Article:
The Real Reason Winston Marshall Quit Mumford And Sons

Banjo player and founding member of Mumford & Sons, Winston Marshall, is officially quitting the band after social media backlash continued following the now-former bandmate's controversial opinion about a ring-wing commentator. 

It all started in March 2020 when Marshall took to Twitter to express his support for right-wing commentator Andy Ngo's book "Unmasked: Inside Antifa's Radical Plan to Destroy Democracy." "Congratulations @MrAndyNgo. Finally had the time to read your important book. You're a brave man," Marshall wrote (via ET Online). The tweet was met with much criticism, which spread to the other members of Mumford & Sons. The backlash sparked an apology from the artist, who promised to "examine [his] blindspots. He added, "For now, please know that I realise how my endorsements have the potential to be viewed as approvals of hateful, divisive behaviour. I apologise, as this was not at all my intention."

In an op-ed posted to his own Medium on June 24, Marshall broke the news to fans he is leaving the band. In the post, Marshall called his time with the band "exhilarating" and reminisced on the positive moments to come from the Grammy-winning group. Yet, the positive wasn't enough to outweigh the negative ... or so it seems. Here's what else he wrote.

Winston Marshall is leaving the band to 'speak my mind'

In the op-ed titled "Why I"m Leaving Mumford & Sons," now-former bandmate Winston Marshall revealed he is leaving the folk band to be able to speak freely about politics without the added backlash to his bandmates. "I have spent much time reflecting, reading and listening," wrote Marshall, who earlier vowed to take a break to reevaluate himself after praising the book of a right-wing commentator. "The truth is that my commenting on a book that documents the extreme Far-Left and their activities is in no way an endorsement of the equally repugnant Far-Right. The truth is that reporting on extremism at the great risk of endangering oneself is unquestionably brave. I also feel that my previous apology in a small way participates in the lie that such extremism does not exist, or worse, is a force for good."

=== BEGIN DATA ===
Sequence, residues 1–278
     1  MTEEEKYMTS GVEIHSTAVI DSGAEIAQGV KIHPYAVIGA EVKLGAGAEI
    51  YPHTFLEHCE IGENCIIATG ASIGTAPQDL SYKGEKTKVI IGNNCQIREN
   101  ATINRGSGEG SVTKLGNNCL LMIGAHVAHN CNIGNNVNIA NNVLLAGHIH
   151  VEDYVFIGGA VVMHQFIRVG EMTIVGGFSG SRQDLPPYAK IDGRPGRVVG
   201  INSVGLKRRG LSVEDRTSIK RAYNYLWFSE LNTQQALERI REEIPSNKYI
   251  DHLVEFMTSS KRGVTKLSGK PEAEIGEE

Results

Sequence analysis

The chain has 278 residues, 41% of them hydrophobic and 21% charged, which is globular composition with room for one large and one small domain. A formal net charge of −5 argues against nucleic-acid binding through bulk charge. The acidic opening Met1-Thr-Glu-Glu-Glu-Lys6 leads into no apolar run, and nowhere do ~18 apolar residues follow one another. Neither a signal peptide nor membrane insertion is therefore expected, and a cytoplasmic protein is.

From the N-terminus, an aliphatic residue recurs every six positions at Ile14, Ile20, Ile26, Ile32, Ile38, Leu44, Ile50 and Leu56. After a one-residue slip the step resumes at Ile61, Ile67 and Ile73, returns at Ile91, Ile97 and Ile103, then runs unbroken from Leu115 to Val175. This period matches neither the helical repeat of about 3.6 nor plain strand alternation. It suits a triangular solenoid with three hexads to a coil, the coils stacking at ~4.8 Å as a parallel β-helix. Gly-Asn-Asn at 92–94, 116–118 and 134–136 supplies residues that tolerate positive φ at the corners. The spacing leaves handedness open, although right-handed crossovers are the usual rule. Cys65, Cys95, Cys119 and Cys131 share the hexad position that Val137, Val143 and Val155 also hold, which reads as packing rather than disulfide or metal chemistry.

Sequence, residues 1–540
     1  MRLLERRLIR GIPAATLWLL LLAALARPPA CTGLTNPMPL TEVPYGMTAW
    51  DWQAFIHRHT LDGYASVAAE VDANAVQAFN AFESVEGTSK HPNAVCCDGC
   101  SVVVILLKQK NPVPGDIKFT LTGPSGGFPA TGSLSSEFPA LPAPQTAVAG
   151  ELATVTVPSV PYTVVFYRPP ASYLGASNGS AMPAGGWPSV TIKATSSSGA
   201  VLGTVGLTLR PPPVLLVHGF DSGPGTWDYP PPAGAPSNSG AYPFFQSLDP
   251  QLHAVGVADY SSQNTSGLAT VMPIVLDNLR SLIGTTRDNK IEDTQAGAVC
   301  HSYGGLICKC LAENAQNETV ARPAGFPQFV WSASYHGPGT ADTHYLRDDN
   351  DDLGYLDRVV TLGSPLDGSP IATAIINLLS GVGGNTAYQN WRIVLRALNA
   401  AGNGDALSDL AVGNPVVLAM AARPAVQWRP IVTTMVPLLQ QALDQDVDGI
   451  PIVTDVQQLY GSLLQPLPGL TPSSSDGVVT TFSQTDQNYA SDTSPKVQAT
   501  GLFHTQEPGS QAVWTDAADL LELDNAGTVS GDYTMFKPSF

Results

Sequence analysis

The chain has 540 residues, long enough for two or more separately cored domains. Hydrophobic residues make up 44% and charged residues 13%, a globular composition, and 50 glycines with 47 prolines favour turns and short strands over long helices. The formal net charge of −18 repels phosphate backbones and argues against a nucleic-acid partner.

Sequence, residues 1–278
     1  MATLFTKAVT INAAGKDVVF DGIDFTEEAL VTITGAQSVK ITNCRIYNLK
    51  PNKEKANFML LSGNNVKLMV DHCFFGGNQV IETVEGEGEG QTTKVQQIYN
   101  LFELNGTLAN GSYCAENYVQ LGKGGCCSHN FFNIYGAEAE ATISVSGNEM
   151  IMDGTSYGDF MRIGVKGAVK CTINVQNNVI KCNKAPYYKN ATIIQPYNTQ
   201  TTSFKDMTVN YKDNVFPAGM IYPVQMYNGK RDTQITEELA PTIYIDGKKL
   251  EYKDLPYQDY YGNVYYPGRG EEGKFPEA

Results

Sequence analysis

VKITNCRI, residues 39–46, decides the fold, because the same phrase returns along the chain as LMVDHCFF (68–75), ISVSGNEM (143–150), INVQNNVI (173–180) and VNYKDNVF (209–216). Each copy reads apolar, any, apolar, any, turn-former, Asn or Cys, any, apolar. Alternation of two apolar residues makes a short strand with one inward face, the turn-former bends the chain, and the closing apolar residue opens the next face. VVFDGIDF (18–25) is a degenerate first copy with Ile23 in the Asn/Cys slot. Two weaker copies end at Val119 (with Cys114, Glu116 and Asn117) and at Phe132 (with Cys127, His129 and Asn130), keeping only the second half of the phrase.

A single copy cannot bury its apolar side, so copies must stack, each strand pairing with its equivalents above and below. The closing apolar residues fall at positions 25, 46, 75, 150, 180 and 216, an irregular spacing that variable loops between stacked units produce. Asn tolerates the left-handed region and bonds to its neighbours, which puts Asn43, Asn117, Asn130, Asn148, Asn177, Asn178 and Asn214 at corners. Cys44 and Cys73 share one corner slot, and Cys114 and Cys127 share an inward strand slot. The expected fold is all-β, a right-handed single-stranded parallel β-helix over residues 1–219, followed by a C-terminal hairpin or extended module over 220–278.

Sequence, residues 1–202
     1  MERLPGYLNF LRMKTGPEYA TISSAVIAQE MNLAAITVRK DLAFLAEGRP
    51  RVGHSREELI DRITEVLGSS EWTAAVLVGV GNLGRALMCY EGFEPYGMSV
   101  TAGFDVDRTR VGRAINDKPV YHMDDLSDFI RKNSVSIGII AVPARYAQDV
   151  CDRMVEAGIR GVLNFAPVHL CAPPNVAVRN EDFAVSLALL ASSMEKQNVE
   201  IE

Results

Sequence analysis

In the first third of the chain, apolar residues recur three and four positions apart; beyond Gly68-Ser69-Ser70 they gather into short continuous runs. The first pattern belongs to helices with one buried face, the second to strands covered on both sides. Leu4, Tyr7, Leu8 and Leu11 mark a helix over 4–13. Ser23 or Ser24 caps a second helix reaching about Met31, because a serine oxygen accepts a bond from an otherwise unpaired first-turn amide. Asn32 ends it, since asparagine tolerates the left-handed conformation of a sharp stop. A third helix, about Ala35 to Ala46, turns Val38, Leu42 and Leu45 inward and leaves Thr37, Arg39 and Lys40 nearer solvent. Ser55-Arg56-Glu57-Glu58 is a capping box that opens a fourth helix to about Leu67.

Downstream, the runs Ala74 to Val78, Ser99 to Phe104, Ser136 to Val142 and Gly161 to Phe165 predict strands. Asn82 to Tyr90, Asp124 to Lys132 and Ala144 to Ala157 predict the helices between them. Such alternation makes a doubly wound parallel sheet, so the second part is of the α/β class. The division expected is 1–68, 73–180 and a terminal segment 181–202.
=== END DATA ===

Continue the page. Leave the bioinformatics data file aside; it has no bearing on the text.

The banjo player continued, standing his ground, "I could remain and continue to self-censor but it will erode my sense of integrity. Gnaw my conscience. I've already felt that beginning. The only way forward for me is to leave the band. I hope in distancing myself from them I am able to speak my mind without them suffering the consequences." 

The remaining band members, Marcus Mumford, Ben Lovett, and Ted Dwane wished "all the best" for Marshall following the news in an Instagram post dedicated to their former bandmate.